Lapland Rainbow

Lapland - the place where every winter Santa leaves and the land where more reindeer live, than people. Deer here are kept as pets, but can regularly be seen roaming free in the harsh Finnish territory. Farm deer are harvested only during the coldest winter days when you can not find anything to eat in nature.

Lapland is the most northern Finnish province, which occupies an area of 98 937 square meters - This represents 30% of Finland’s area. This area is 93, 057 square meters land and 5, 880 square meters - Water. Lapland is inhabited by about 200 000 people. Native Laplanders are called Saami and number about 7 000 people. Chief administrative center of the city of Rovaniemi is where about 35 427 inhabitants live. All of Lapland is a developed tourist destination. There are countless chalets and villas, as well as opportunities for ski, Snowboarding. The ability to ride a dog sled or a reindeer are the most attractive.

Lapland Rainbow

Lapland is not the most populous Finnish territory, but is the largest. Almost all of it is located behind the Arctic Circle. In winter, in Lapland, there are months where the sun does not appear. It is in these months of the year that the tourist flow into Lapland is greatest, but the Christmas mood - is the most compelling.

The capital of Lapland - Rovaniemi is located on the Arctic Circle, between the hills Korkalovaara and Ounasvaara, in the valley of the river Kemiyoki and its tributary Ounasyoki. It is the administrative, cultural and tourist center of this Finnish land. In Rovaniemi , one should make a compulsory visit to the museum "Arktikum". Here you can learn all about Lapland and the polar regions, see species that are typical of Lapland and hear the songs of indigenous Lapland. Most information about the Saami can be gathered north of Inari village.

Locals claim that Santa Claus lives in the remote mountain Korvatunturi. Literally translated, the name of the mountain is ear. So children in Finland believe that he can hear their wishes. To shorten the distance between the good old man and children, however, it has shifted slightly to the south of the Arctic Circle.


Almost throughout the year, in this village, you can feel the Christmas atmosphere - many people with red cheeks listening to carols and sending letters and Christmas cards to your friends worldwide. The post office here is one of the most overcrowded public buildings. There is also a special division of the letters. Cards and letters placed in the yellow mailbox are sent immediately and ones placed in the red, are collected and sent out for Christmas (with the special postmark of Santa Claus).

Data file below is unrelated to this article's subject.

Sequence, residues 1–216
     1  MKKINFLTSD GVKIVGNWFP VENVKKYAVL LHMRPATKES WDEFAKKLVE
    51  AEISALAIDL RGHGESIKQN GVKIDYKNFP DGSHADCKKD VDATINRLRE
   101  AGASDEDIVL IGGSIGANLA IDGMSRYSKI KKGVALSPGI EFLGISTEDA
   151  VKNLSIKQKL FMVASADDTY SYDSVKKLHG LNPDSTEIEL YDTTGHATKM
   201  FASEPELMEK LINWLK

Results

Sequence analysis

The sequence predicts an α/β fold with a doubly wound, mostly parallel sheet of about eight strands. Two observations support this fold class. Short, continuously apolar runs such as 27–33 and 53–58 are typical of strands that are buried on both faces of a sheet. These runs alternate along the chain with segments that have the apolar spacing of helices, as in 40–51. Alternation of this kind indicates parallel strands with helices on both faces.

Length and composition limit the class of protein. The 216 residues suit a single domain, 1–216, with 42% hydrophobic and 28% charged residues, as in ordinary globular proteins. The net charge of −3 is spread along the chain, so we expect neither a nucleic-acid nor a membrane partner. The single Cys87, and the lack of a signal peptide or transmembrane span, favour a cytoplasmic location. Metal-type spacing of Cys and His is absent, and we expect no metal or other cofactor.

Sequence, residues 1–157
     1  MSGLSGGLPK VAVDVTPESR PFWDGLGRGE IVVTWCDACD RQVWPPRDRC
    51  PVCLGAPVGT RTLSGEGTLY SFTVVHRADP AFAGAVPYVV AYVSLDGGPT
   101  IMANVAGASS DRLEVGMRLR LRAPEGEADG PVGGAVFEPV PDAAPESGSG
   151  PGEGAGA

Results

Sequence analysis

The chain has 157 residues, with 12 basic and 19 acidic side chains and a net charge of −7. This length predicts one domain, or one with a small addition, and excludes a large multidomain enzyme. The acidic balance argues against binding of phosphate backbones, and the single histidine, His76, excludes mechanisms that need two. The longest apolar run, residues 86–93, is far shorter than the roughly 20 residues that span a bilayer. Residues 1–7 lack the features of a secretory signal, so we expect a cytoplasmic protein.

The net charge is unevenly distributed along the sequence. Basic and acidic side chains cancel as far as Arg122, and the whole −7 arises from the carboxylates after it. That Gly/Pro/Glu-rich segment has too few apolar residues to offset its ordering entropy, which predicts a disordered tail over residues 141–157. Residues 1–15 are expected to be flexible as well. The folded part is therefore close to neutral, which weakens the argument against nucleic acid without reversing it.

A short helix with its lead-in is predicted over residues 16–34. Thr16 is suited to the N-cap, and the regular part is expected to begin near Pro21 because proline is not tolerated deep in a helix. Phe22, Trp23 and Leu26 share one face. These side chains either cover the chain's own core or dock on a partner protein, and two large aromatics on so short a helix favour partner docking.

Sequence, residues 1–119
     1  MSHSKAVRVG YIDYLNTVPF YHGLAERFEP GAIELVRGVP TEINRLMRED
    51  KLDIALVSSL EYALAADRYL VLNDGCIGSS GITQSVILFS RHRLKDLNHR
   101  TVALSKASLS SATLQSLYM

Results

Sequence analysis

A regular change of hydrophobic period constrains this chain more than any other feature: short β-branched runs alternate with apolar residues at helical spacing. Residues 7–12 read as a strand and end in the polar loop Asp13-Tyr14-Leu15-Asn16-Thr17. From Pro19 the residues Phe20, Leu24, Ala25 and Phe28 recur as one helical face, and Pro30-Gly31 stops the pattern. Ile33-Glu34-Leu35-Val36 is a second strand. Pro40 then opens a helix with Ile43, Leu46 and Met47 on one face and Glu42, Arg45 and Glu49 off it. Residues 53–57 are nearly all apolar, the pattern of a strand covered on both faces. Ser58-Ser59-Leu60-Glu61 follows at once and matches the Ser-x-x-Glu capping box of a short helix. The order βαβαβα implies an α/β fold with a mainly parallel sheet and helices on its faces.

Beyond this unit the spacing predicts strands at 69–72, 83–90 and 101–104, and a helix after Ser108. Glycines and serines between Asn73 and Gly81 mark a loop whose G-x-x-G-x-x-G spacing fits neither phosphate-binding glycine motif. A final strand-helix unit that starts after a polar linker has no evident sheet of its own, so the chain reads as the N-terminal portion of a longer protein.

With each passing year Lapland is receiving more and more letters from kids all over the world. In 2004 the number was 500, 000, but to reach the mailbox of Santa Claus, it is enough to write "Lapland, Santa", in the recipient field. The post office here does explain that if the letter is not only full of Christmas wishes, but written as if to a friend, Santa Claus replies. Envelopes of children’s letters are sold and the money goes into the UNICEF fund.

Otherwise, Santa Claus is available to everyone throughout the year yet. He has a cave-office. On the walls of the corridor that leads to it, you can see photos of presidents, actors and other celebrities seated on Santa’s lap. On the shelves in his office, he has huge order books, in which mischief and good deeds of all children are recorded. Elves are even faced with the tough task of shooting photos of the visitors in the lap of the good old man.

Deer farms are the second thing that stands as a calling card of Lapland. As semi- domestic animals, they wander through most of the year freely and can even happen to peek through the window while you are reading or having dinner. Deer in Lapland are not dangerous and are very kind animals. Local believe that any horned animal which has crossed the Arctic Circle, has to be named at a special ceremony. Usually, at the ceremony, guests receive horns, drawn with charcoal on their foreheads. There is also reindeer lasso catching.

One of the most spectacular natural sceneries in Lapland is the Northern Lights. This natural light show appears 200 nights a year, but unfortunately can not be observed when it is cloudy.

Residents of Rovaniemi argue that the greatest fans in the Northern Lights Lapland are the Japanese. They even have special software on their mobile phones, which causes them to call and wake them when the glow appears. According to the beliefs of Eskimos, the Northern Lights carry spirits, playing ball with a walrus skull. Vikings believe the spirits of the dead lead to the realm of abundance.

Beyond the Arctic Circle, in Lapland, you will find the unique - Hotel & Igloo Village Kakslauttanen. It offers 32 wooden bungalows, 20 snow igloos, and 20glass igloos. This amazing piece of Lapland also boasts the world’s largest smoke sauna and snow restaurant.



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